The modern-day Orpheus at the heart of the novel is Peter Els, an avant-garde composer and amateur chemist spending his retirement trying to code musical notation in the DNA of a bacterium. The feds want to bring in Els for questioning about his unusual hobby, prompting Els, now an alleged bioterrorist, to flee from his home, causing a nationwide panic propagated by social media. As Els evades his pursuers, he considers the critical choices he’s made in his life during his coming of age as a musician and composer in the fifties and sixties and in the subsequent decades as he struggled to make art and a life. This is no slow rumination. Powers drives the narrative with a propulsive immediacy, deftly quick-cutting between past and present.
Els’s love of music is intertwined with the people who influenced him, beginning with his first love, Clara, “who listened to eight-hundred-year-old conductus as if it were a news flash…Before Clara, no piece had any real power to hurt him. After, he heard danger everywhere.” Here’s Els listening to Clara’s cherished Kindertotenlieder (Songs on the Death of Children):
At first, there’s only a thread of frost spreading across a pane. Oboe and horn trace out their parallel privacies. The thin sinews wander, an edgy duet built up from bare fourths and fifths.
The singer enters, hesitant, hinted by bassoon. She channels a man wrung out after a sleepless night, a father with nothing left to keep safe. Now the sun will rise so brightly…
The sun rises, but the line sinks. The orchestration, the nostalgic harmonies: everything wrapped in the familiar late nineteenth century, but laced with the coming fever dream. Bassoon and horn rock an empty cradle.
In these musical passages, Powers marries a technical and emotional clarity with descriptions of dramatic beauty, letting the reader feel what it feels like to be Els lying with his young girlfriend, listening to Mahler for the first time, as refracted through the wise, emotive sensibility of an old composer.
Indeed, the moral center of the novel may be a music appreciation lecture Els gives at a retirement home about Messiaen’s Quartet for the End of Time. The story of how Messiaen composed and performed his masterwork in a Nazi prison camp is an extraordinary thirteen page set piece of thematic bravado brought to the forefront of the narrative, demonstrating like so many other facets of this book the mastery Powers has achieved due to his bold experiments in form.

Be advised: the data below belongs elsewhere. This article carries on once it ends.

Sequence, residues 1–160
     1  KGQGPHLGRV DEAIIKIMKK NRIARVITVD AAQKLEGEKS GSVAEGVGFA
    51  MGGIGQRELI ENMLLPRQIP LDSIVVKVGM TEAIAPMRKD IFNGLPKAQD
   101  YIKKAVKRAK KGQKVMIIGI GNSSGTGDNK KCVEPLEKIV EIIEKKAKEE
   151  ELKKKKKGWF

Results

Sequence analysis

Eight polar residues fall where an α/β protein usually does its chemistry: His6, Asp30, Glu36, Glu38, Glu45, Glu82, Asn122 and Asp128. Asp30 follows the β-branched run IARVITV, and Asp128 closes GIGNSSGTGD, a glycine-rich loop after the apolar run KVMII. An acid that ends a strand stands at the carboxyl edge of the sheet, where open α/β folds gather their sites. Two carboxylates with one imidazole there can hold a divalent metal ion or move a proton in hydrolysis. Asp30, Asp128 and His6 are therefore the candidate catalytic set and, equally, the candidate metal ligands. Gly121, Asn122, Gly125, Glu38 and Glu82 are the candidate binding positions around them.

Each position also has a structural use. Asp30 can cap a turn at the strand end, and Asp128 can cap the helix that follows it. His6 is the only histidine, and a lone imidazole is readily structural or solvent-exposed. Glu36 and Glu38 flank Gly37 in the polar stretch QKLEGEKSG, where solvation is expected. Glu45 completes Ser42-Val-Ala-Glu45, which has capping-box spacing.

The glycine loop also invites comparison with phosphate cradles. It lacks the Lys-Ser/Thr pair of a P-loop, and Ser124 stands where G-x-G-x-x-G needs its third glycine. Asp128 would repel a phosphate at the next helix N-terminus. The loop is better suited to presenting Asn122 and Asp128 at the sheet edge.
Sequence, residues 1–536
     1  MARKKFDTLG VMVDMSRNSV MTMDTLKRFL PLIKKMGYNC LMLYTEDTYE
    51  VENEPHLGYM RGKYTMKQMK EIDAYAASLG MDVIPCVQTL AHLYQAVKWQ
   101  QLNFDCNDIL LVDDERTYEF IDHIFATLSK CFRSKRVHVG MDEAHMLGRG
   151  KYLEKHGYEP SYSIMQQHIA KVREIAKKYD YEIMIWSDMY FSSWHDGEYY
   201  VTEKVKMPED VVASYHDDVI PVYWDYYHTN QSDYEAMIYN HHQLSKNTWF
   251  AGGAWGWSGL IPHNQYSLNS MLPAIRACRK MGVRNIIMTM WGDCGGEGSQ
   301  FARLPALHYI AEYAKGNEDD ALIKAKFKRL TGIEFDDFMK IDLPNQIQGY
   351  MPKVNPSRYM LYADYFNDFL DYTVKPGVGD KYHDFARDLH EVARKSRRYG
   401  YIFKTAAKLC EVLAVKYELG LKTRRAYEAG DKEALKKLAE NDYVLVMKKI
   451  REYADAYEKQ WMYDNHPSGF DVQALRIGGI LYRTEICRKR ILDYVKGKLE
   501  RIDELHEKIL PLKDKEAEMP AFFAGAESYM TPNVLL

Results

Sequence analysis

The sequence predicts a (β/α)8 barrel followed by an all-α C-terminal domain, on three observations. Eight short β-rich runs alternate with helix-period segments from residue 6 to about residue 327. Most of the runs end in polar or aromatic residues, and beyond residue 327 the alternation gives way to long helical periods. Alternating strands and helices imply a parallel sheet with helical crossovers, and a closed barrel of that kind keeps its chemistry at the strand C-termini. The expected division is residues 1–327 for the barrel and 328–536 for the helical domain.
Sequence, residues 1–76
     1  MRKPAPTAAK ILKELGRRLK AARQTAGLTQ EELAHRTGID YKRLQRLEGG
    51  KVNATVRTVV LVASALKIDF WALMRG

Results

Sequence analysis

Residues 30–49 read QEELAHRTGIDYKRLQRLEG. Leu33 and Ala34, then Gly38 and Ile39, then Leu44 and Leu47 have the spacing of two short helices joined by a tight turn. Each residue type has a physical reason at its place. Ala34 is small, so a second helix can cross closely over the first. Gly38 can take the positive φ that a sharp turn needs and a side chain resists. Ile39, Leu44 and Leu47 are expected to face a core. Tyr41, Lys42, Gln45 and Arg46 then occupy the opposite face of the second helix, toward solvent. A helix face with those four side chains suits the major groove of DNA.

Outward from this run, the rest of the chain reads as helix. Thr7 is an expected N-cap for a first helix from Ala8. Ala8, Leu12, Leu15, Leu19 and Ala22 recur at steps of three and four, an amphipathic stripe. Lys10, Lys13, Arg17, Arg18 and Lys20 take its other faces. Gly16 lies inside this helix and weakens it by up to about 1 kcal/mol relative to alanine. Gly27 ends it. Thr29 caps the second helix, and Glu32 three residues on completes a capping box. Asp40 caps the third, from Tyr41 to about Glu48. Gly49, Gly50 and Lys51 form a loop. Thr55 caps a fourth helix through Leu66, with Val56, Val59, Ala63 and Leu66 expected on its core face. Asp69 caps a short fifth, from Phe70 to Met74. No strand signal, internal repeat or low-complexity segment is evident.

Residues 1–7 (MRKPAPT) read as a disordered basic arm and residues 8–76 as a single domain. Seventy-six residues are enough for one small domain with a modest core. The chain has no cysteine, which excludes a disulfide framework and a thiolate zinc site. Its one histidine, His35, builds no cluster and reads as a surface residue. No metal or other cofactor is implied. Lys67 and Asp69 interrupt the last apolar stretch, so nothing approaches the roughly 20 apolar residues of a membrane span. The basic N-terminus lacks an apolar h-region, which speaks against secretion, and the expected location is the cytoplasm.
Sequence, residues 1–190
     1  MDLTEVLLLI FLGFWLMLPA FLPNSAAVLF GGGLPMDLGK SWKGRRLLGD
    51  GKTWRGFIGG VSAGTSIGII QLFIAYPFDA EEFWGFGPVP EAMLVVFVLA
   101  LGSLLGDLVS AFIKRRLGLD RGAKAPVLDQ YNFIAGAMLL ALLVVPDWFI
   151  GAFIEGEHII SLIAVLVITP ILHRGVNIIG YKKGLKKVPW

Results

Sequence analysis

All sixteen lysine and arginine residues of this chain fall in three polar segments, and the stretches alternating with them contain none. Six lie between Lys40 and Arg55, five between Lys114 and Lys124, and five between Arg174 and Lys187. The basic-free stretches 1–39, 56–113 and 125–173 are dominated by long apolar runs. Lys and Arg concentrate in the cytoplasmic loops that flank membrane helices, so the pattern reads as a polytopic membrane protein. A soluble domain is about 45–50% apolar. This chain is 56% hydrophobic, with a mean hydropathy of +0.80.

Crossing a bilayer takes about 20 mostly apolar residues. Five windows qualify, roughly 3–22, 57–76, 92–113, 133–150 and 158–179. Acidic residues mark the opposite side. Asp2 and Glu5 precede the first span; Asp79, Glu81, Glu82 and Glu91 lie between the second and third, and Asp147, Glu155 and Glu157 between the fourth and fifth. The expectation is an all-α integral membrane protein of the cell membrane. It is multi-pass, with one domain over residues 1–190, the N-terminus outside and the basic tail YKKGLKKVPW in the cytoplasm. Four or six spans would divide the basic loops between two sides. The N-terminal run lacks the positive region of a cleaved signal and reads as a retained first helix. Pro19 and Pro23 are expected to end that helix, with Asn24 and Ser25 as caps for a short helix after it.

When the last notes die out in the frozen air, nothing happens. The captive audience sits in silence. And in silence, awe and anger, perplexity and joy, all sound the same. At last there’s applause. The prisoners in their clogs and bottle-green Czech uniforms fall back into the world and make an awkward bow. And then, Le Boulaire will recall decades later, lots of unresolved discussions, about this thing that no one had understood.
Along with his education in listening, we also experience Els’s nascent urge to make music like a joyful itch that will never go away. Here’s Els in college, after being provoked by Clara to give up his aspiration to be a chemist to be a composer.
For the next five weeks, when he should have been studying for final exams, he worked in secret. He stole hours from labs, from classes, even from Clara, who turned giddy with concealed suspicion. He took to working in lightning shorthand, sketching out music in quick, clean strokes, the way a child might scribble a crayon moon, a loopy forest, and a gash of campfire, and call it night. There was no time for orchestration. The thing unfolded on the simplest scale, for solo piano and voices. But he heard every line in massed banks of instrumental color. The wayfaring winds, the swelling support of brass, a raft of low strings bearing forward.
Els eventually loses Clara and “strange, vital, viral creations began pouring out of him.” In the early 60s, he enrolls in graduate school in Champaign-Urbana, “a breeding ground for mutant musical strains surrounded by hundreds of miles of corn, soybean, and rural, religious American in every direction,” where Els struggles to find his way as the world is tearing down the old rules. Powers captures the serious urgency of a naive young artist, as in this cutting scene in class when Els praises a performance of Barber’s Hermit Songs, only to be derided by his classmates.